Political indoctrination in the classroom and the exclusion of conservatives from college faculties are violations of academic freedom and an offense to the very concept of a liberal education. The introduction of political agendas into the curriculum is a product of forces unleashed in the 1960s, which have consciously transformed universities into the political monoliths they have become.

It is time to remind ourselves that not so long ago the consensus of educators was that political indoctrination in the classroom by professors of whatever persuasion was an unacceptable abuse. The 1967 "Joint Statement on Rights and Freedoms of Students" adopted by the American Association of University Professors clearly states that the "freedom to teach and freedom to learn" are inseparable. Responding to a controversy over a course at UC Berkeley in the spring of 2002, UC Chancellor Robert Berdahl said, "It is imperative that our classrooms be free of indoctrination - indoctrination is not education." Unfortunately, there is virtually no college administration today - including that of UC Berkeley - that is willing to defend this student right.

What can be done about the current state of affairs? The answer begins with the recognition that this situation has developed because of the public's inattention to what happens inside the institutions that its tuition fees, tax dollars, and voluntary contributions make possible. The remedy lies first in insisting on greater scrutiny of these institutions, and second on resolving that the abuses will be corrected.

The Center for the Study of Popular Culture in conjunction with other interested organizations is therefore launching a "Campaign for Fairness and Inclusion in Higher Education." Its agenda is to call on university administrations to implement the following five demands:

  1. Conduct an inquiry into political bias in the hiring process for faculty and administrators, and seek ways to promote fairness towards - and inclusion of - diverse and under-represented mainstream perspectives;
  2. Conduct an inquiry into political bias in the selection of commencement speakers and seek ways to promote fairness towards - and inclusion of - diverse and under-represented mainstream perspectives;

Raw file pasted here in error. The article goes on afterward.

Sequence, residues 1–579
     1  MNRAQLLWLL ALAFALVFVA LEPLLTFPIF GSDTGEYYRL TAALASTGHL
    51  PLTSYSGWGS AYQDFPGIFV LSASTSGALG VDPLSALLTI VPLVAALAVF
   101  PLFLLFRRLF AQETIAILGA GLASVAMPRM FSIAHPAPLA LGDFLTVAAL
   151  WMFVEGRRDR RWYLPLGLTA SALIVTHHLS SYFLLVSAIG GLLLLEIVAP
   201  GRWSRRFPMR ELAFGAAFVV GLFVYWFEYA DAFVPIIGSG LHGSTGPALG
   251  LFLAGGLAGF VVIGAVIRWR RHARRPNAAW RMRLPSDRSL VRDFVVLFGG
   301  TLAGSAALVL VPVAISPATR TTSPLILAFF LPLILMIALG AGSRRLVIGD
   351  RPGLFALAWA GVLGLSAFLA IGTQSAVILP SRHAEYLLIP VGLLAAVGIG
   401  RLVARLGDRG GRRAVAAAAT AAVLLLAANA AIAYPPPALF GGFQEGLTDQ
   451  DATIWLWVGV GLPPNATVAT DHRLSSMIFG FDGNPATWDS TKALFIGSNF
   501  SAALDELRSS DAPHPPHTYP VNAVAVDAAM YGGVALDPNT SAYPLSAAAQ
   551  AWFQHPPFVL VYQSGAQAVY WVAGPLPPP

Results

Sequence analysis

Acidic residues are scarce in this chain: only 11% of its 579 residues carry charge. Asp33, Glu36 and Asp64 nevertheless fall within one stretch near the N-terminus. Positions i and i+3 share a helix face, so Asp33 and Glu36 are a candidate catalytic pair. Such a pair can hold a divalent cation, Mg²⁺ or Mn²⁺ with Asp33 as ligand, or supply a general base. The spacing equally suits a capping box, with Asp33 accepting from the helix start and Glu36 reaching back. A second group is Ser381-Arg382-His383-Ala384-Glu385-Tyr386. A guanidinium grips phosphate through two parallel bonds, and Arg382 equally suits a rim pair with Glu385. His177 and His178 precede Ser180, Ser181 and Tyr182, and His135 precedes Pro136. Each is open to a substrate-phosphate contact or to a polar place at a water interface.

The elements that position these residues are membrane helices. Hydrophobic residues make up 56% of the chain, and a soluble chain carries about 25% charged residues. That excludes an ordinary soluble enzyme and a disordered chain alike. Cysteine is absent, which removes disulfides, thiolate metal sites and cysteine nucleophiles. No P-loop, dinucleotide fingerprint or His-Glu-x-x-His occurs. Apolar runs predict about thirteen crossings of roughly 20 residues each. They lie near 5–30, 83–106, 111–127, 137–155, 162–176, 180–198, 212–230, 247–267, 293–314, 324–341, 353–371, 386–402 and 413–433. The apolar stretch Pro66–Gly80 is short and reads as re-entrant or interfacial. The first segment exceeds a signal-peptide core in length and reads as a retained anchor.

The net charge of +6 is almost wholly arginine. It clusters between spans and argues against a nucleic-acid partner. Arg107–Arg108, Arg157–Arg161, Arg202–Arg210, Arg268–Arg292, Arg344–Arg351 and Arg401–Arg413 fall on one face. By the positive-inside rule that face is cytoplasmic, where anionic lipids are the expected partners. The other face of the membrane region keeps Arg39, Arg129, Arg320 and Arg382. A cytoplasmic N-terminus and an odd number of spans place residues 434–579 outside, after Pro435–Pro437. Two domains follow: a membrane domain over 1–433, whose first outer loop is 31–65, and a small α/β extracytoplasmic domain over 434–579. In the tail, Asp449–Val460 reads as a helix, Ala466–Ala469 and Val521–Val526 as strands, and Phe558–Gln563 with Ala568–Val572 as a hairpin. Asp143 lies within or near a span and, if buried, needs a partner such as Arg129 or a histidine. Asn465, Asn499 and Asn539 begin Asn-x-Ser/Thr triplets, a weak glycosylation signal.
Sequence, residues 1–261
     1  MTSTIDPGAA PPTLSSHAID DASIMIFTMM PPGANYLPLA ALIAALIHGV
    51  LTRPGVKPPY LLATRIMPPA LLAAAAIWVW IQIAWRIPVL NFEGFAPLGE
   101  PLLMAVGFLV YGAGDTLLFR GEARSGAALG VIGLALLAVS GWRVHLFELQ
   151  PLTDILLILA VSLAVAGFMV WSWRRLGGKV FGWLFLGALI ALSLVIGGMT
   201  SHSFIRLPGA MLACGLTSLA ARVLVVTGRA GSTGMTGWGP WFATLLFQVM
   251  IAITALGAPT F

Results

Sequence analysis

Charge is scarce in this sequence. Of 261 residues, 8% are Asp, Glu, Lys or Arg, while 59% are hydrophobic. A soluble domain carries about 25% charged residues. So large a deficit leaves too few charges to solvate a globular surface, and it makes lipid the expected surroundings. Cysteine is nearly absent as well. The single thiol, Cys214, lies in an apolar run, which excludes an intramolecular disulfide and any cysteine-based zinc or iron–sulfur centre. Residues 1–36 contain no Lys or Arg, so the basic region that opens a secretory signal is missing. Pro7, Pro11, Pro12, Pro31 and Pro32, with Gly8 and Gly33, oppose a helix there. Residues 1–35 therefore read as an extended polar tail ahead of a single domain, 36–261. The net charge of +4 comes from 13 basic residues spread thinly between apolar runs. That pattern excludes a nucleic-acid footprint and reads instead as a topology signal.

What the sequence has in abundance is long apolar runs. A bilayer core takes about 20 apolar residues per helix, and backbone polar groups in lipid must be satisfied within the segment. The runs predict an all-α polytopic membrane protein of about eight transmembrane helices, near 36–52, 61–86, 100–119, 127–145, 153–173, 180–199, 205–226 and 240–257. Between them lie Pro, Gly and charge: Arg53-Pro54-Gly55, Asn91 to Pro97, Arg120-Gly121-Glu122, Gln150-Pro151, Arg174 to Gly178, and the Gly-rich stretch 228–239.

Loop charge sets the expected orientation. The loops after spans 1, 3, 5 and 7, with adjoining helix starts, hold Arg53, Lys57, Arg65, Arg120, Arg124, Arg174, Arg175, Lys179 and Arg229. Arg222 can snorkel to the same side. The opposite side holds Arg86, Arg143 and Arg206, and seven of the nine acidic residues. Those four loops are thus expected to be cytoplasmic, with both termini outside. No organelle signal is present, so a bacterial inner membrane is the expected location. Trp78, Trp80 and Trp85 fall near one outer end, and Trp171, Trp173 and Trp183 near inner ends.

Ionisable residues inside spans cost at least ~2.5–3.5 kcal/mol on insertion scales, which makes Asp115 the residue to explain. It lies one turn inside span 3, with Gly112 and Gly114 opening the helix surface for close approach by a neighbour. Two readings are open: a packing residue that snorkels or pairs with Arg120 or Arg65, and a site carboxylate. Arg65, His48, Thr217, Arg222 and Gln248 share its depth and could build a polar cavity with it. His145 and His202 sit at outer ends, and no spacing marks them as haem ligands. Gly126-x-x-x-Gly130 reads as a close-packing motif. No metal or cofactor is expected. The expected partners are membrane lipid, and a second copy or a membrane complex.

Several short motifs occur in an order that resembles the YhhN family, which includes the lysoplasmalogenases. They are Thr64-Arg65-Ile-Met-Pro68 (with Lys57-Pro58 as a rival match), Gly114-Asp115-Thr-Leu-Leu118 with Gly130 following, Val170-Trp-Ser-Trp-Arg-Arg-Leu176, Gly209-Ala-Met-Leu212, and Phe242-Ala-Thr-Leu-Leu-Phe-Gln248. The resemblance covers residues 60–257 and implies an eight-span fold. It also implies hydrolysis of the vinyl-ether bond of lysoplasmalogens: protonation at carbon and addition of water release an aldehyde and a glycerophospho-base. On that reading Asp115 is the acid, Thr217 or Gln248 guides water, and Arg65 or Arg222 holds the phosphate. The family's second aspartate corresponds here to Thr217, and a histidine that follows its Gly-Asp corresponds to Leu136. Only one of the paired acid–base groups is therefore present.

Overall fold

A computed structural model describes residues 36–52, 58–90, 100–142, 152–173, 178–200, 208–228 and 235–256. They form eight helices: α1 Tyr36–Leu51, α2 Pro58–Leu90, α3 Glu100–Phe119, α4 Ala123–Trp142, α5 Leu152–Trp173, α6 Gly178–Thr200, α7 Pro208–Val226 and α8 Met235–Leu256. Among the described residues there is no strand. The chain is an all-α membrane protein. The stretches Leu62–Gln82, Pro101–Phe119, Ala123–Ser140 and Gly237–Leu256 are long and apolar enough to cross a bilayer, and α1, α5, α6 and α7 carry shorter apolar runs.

3. Conduct an inquiry into political bias in the allocation of student program funds - including speakers' fees - and seek ways to promote fairness towards and inclusion of diverse and under-represented mainstream perspectives;
  4. Institute a zero tolerance policy towards the obstruction of campus speakers and meetings and the destruction of informational literature distributed by campus groups.
  5. Adopt a code of conduct for faculty that ensures that classrooms will welcome diverse viewpoints and not be used for political indoctrination, which is a violation of students' academic freedom.

Some may be skeptical of an appeal to university authorities, to solve a problem which they have helped to create. We believe, however, that the principles of fairness and inclusion resonate so deeply with the American people and the American character that they will find a response in the university community. Chancellor Berdahl's statement is evidence of this potential. But because the violation of student and faculty rights has been so long-standing and systemic, we are appealing directly to the trustees and state-appointed governing bodies of these institutions as well.

We call on state legislatures in particular to begin these inquiries at the institutions they are responsible for and to enact practical remedies as soon as possible. We do not think this would pose any significant problem for academic freedom. Quite the contrary. The principle of diversity is well established in federal law and has been accepted by virtually all existing collegiate administrations. By adding the categories of political and religious affiliation to Title IX and other existing legislation, the means are readily available - without jeopardizing the integrity and independence of the university system - to redress an intolerable situation involving illegal and unconstitutional hiring methods along with teaching practices that are an abuse of academic freedom.

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JWR contributor David Horowitz is editor of Front Page Magazine and the author of several books, including, The Art of Political War and Other Radical Pursuits, Hating Whitey, Art of Political War, Radical Son : A Generational Odyssey . To comment, please click here.


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© 2000, David Horowitz